The University of Miami School of Medicine — the oldest medical school in Florida — was founded in 1952 out of the need to train doctors to treat wounded and injured military veterans who were patients at the original Miami VA Hospital.
In 2004, the School was renamed the University of Miami Miller School of Medicine in response to a $100 million donation — then the largest in University of Miami history — from the family of Leonard M. Miller, founder of Miami-based homebuilder Lennar Corporation and former chair of the UM Board of Trustees.
The Miller School is located in the Miami Health District, which encompasses the second-largest concentration of medical education, clinical care and biomedical research facilities in the U.S.
In 2006, UM reorganized its clinical operations and founded UHealth – the University of Miami Health System — a health care network whose 1,200-plus Miller School faculty physicians have more than two million unique patient encounters each year. Their practice locations include three UM-owned hospitals on the medical campus and more than 30 outpatient facilities in Miami-Dade, Broward, Palm Beach and Collier counties.
Two more hospitals are located in the Miami Health District: Jackson Memorial Hospital, the nation’s third-largest public hospital, where the majority of our residents — one of the 10 largest physician training programs in the U.S. — receive their training, and where many of our faculty clinicians provide care to a wide spectrum of patients, including those who are indigent or uninsured, and the VA Medical Center, where UHealth physicians provide care to our nation’s veterans.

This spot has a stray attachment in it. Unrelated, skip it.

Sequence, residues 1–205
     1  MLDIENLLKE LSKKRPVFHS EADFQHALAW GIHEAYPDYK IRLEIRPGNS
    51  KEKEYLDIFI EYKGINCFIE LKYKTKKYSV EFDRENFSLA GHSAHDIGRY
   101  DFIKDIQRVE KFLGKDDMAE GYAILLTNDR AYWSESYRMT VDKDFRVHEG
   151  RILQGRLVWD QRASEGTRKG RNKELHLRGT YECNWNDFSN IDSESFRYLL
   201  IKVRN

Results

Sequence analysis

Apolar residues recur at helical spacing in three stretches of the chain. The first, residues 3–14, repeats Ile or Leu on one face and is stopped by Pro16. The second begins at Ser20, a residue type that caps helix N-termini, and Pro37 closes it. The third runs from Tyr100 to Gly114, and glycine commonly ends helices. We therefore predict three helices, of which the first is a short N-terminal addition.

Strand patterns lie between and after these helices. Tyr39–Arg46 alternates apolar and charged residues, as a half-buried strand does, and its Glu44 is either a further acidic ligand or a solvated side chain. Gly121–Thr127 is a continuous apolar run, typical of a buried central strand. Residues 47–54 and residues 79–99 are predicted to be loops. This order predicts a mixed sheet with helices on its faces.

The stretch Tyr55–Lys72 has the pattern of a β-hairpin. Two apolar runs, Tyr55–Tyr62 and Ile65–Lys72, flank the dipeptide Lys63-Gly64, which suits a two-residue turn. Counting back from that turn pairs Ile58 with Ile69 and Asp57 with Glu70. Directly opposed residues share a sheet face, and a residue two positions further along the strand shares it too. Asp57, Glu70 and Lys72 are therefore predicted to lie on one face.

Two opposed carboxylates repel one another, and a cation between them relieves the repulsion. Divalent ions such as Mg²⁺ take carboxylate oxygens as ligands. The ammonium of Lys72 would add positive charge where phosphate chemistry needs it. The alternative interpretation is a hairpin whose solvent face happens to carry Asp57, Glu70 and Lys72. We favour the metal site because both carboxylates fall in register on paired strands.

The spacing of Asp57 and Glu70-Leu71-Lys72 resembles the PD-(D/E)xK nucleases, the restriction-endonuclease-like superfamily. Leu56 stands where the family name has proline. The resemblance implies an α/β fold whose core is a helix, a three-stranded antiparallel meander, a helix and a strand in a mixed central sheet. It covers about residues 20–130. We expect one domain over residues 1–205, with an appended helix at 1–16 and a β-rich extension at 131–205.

The core of the Miller School is its four-year M.D. program, which graduates about 200 students each year. Several years ago, the school began offering a four-year Master of Public Health degree to those medical students who wanted to explore larger health issues, and today, about 25 percent of each graduating class receives the combined M.D./M.P.H. degree. There are numerous other combinations, offered alone or with the M.D. degree, including an M.B.A. in Health Care Administration, a Ph.D., for students wishing to have a research focus in their careers. Additional combinations include an M.D./J.D. and an M.D./M.S. in Genomic Medicine.
Translational research is also a primary focus. Engaging in more than 2,000 ongoing projects, Miller School faculty receive approximately $270 million annually from public and private agencies to conduct a wide range of nationally and internationally recognized research, build state-of-the-art facilities, and support our graduate students and postdoctoral trainees.